Now normally the circuit does not work correctly because the opamp in the current source seems to stick to the upper supply rail. I was testing the circuit with my scope and found that when I probe the point between the capacitor and the opamp input and found that when it is probed then the output of the current source works as expected (verified with the other channel on the scope and a multimeter measuring the AC current output). I have made a video showing everything described here if you actually want to see what is going on on the scope. The video can be found here:

    https://www.youtube.com/watch?v=t_LNwKp-bCU&feature=youtu.be

    At first I thought something was very wrong with the design but the discovery with the scope leads me to believe that it may be an relatively simple fix and due to my little knowlage of AC circuits and opamps. Any help would be much appreciated. Thanks!
     

    Attached Files:

  15. Jun 25, 2014 #14

    jim hardy

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    Neat approach !

    All opamps have a trait called "Input Bias Current" , a rather nondescriptive name. I've heard it called "Pump Out Current" which is a little more descriptive. What that is is a trickle of DC current that must be allowed to flow either into or out of the opamp's input pin.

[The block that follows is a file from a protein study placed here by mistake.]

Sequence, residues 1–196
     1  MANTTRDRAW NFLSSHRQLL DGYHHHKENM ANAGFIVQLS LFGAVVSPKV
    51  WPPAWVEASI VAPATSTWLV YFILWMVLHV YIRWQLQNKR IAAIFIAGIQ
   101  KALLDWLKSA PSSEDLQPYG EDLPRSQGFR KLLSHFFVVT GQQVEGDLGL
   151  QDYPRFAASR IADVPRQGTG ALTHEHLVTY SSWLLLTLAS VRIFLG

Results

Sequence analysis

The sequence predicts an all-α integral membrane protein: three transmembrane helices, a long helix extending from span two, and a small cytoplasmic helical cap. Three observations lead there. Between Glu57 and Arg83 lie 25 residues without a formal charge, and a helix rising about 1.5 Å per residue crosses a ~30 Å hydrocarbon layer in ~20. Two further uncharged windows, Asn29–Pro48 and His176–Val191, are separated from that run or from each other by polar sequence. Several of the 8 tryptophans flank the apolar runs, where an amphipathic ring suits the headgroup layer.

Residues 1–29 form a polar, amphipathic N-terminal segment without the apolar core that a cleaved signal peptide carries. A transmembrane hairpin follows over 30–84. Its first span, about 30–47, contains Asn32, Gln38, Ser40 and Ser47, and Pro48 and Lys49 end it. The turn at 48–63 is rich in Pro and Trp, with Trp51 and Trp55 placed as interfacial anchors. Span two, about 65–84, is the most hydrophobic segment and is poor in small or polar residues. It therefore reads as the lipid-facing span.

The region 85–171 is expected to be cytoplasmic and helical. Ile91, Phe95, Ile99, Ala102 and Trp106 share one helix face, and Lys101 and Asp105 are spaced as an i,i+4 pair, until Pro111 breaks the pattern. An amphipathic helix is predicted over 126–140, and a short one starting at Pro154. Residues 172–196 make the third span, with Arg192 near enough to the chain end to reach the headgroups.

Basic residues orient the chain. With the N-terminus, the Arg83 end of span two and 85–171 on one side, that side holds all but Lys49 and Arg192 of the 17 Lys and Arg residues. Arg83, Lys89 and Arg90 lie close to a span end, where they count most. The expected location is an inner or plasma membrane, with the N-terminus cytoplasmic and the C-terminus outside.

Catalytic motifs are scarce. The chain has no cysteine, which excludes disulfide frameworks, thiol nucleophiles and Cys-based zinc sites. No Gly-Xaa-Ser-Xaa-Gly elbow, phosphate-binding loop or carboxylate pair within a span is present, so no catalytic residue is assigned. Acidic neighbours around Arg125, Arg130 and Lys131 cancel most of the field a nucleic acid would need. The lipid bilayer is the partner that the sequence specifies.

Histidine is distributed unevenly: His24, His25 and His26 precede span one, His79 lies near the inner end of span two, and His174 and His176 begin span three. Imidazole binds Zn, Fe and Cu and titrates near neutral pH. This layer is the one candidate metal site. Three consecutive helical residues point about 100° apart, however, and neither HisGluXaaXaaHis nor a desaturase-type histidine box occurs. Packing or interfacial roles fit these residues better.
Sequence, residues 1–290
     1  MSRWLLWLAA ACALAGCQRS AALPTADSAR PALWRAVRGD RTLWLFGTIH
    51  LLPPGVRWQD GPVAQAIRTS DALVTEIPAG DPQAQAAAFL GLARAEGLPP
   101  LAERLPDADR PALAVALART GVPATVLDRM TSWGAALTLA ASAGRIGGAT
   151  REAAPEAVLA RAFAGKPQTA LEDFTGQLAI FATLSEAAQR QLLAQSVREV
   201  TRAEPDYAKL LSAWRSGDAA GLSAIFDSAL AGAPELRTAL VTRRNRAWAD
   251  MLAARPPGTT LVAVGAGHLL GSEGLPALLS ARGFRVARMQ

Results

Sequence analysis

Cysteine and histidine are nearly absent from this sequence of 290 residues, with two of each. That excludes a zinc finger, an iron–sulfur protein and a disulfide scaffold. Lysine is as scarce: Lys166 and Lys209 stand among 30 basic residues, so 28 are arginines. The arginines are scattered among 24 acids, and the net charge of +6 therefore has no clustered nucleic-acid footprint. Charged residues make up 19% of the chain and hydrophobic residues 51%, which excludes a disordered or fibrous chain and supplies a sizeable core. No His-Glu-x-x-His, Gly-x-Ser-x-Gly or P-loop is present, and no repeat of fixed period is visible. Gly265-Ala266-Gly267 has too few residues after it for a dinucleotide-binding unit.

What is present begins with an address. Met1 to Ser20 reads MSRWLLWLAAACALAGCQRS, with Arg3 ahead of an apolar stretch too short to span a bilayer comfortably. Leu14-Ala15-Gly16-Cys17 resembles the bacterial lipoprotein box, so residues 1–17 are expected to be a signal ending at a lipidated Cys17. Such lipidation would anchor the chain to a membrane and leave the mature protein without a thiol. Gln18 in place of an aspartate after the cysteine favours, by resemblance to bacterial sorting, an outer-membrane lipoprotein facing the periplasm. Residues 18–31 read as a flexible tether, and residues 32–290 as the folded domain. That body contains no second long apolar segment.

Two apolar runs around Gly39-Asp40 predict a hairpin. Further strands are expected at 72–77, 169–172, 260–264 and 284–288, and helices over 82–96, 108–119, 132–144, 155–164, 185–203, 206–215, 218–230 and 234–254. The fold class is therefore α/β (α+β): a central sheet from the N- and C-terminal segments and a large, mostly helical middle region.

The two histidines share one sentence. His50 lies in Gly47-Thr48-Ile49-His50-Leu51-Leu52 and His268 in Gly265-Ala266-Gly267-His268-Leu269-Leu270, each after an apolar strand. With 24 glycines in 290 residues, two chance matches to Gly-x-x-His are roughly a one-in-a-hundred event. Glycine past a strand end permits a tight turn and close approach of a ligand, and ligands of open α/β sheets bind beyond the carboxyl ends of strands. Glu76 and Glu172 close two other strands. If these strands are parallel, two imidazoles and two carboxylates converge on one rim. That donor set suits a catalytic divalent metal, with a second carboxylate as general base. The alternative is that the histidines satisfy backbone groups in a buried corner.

Observe it's maybe 45nanoamps typical for Lm324, 200 max. Look at parameter "Input Bias Current" on this datasheet
    http://www.ti.com/lit/ds/symlink/lm124-n.pdf

    That small current produces a small DC voltage drop across the input resistor, notice if your input resistor were 1 megohm that'd be 45 millivolts.
    But your input resistor is a capacitor which that small DC current will slowly charge to a substantial DC voltage , just as your 'scope shows..
    The scope is probably 1 meg or 10 meg input and it provides the necessary DC path to circuit common for the input bias current. That's why it only works when your'e looking at it with scope.

    When you study opamp tutorials you'll be cautioned about providing a DC path for those pesky bias currents. You just gotta do it.

    Patch a 1 meg from that opamp's + input to common and see if it straightens out.
     
  16. Jun 25, 2014 #15

    Baluncore

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    jim hardy has correctly spotted the DC input bias problem, but I still have a few concerns about this circuit.
    Placing 1M from opamp +input to common may still make for a big offset voltage.
    Rs * I_bias_max = 1M * 200nA = 0.2V

    So instead consider moving the 0.01uF capacitor to between the digital pot and the op-amp that drives it.